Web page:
Lauren Ipsum: A Story About Computer Science And Other Improbable Things
Carlos Bueno & Miran Lipovaca
No Starch Press, 2015 (2015)
Reviewed by Jessica Maguire
nwardly I groaned when I first picked up this book. I was an English major. I love actual, physical books, the freedom of creativity, and using my imagination. Computers, and, worse yet, computer science sounds as enjoyable to me as having fire ants dumped down my pants while buzzards peck at my eyes.
ut I started thumbing through the pages anyway. How bad could it be? After all, the target audience for this chapter book with color illustrations is the young reader in primary school.
liked this book from the start. The prologue comes with the warning that '
you won't find any computers in this book.
' Intrigued? Well, this book is a tool to help parents teach children computational thinking. And instead of reading like a boring instruction manual which no one reads anyway (think math textbooks and your blu-ray manual), it reads like a fun story.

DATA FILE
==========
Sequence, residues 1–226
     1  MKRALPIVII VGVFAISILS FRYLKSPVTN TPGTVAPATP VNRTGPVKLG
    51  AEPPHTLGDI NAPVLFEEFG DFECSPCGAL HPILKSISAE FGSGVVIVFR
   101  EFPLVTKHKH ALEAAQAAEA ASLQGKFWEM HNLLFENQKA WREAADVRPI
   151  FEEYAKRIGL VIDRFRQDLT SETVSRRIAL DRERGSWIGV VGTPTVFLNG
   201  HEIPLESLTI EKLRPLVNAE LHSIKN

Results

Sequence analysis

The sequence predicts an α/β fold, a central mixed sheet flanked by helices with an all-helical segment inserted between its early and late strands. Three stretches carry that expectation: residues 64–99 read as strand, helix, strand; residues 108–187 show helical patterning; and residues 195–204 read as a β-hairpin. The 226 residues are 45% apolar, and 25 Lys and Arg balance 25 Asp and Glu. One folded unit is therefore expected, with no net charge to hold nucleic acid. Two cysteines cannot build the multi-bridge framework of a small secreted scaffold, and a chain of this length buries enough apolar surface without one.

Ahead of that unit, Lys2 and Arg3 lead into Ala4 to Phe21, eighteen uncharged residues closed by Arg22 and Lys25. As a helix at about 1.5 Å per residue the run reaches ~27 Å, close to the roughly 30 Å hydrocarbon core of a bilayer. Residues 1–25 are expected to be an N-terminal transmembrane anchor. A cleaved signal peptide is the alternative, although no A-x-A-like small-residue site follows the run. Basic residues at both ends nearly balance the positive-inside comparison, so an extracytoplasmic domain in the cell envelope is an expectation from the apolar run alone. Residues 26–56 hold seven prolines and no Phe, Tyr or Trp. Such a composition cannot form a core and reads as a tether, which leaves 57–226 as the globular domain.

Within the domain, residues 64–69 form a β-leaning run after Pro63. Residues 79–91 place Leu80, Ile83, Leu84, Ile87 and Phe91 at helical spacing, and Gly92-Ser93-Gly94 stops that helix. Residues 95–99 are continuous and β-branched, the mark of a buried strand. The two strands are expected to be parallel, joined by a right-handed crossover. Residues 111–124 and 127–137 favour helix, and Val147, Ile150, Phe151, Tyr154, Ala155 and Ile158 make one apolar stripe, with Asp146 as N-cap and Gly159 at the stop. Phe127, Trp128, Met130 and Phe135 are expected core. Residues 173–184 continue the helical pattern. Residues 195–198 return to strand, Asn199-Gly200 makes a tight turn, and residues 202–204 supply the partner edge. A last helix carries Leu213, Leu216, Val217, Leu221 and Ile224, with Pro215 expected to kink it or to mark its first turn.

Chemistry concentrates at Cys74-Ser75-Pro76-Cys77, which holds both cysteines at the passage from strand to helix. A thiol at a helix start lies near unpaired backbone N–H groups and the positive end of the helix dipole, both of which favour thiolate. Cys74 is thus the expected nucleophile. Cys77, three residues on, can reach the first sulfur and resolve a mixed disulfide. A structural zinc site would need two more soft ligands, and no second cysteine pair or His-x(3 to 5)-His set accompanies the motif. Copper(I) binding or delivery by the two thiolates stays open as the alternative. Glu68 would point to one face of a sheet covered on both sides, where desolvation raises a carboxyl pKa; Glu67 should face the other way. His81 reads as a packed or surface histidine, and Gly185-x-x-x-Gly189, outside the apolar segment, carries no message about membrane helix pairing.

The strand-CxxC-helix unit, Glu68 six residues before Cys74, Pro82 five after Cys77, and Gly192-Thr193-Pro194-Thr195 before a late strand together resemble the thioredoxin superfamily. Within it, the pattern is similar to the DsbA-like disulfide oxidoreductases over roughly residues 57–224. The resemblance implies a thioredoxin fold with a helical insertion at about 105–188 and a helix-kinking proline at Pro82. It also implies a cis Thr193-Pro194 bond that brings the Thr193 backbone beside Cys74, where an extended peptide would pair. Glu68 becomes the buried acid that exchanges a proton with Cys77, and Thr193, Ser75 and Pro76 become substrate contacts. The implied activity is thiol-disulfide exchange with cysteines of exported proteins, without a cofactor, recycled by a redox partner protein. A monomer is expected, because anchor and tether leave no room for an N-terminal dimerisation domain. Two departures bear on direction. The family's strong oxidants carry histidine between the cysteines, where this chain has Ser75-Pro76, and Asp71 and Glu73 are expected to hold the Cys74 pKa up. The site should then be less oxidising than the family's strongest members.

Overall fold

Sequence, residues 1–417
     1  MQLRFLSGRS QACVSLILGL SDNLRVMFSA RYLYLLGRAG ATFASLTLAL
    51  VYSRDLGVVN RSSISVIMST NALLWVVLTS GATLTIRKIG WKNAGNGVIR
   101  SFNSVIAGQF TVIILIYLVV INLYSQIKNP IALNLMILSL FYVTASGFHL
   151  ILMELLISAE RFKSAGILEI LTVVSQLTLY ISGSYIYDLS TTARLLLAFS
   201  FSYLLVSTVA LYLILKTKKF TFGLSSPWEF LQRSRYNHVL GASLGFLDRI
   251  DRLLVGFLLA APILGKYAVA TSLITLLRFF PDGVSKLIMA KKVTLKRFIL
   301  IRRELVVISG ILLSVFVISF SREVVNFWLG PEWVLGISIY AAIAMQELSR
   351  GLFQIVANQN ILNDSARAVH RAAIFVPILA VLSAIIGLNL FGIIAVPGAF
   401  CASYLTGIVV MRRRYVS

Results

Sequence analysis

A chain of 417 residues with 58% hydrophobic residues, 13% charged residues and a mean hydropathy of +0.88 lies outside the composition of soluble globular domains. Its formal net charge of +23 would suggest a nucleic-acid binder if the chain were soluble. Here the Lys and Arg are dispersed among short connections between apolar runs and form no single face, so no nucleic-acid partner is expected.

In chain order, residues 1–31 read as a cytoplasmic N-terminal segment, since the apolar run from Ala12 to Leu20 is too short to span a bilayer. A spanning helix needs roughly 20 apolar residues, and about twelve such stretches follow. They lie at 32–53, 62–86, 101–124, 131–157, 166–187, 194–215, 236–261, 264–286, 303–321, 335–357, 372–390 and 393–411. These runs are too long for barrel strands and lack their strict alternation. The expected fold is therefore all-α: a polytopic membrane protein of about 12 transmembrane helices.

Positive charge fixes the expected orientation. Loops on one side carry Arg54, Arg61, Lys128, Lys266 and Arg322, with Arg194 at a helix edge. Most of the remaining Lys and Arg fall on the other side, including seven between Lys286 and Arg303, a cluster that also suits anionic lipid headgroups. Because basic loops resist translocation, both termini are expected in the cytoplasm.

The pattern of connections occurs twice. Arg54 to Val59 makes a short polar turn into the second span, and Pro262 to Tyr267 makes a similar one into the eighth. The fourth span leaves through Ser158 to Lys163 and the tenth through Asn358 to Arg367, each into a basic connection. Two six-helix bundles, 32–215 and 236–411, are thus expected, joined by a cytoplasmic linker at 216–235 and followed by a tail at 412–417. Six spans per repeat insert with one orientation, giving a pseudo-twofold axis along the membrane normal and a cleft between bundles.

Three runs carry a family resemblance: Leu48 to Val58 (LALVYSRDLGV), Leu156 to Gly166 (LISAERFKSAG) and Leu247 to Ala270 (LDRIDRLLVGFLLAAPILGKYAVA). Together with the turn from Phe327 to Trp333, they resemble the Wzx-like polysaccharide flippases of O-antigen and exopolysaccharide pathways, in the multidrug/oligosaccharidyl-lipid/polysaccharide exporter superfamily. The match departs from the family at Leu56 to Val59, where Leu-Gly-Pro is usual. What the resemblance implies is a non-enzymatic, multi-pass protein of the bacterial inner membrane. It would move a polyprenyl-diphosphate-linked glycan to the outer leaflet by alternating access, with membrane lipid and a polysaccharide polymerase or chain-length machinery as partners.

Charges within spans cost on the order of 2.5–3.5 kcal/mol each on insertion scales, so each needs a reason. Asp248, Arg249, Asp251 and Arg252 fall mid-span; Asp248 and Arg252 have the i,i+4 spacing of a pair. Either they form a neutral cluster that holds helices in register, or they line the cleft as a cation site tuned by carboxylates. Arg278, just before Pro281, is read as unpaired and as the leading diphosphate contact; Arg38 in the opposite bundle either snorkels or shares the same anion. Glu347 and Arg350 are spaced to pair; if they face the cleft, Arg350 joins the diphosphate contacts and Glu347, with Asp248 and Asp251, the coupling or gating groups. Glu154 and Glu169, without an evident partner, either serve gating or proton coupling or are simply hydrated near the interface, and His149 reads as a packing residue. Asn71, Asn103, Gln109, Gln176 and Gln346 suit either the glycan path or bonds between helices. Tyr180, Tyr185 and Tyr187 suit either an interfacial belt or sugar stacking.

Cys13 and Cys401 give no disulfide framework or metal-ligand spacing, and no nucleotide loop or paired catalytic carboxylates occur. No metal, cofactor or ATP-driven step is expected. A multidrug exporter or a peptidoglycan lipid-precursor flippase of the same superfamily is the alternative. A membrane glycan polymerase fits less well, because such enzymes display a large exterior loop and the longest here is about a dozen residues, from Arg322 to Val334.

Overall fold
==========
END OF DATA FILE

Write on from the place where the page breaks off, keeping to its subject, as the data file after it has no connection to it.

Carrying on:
he protagonist, Lauren Ipsum, is journeying through a land that runs on logic. Along the way she meets all kinds of characters, such as Tinker and Winsome, and solves many puzzles, not unlike a programmer. What I found was entertainment and education while reading about '
thingamajigs in userland.
ueno, a former Facebook engineer, is a writer with a focus on computer science. He has artfully blended fun and functionality in a user-friendly book that parents and children alike will adore.
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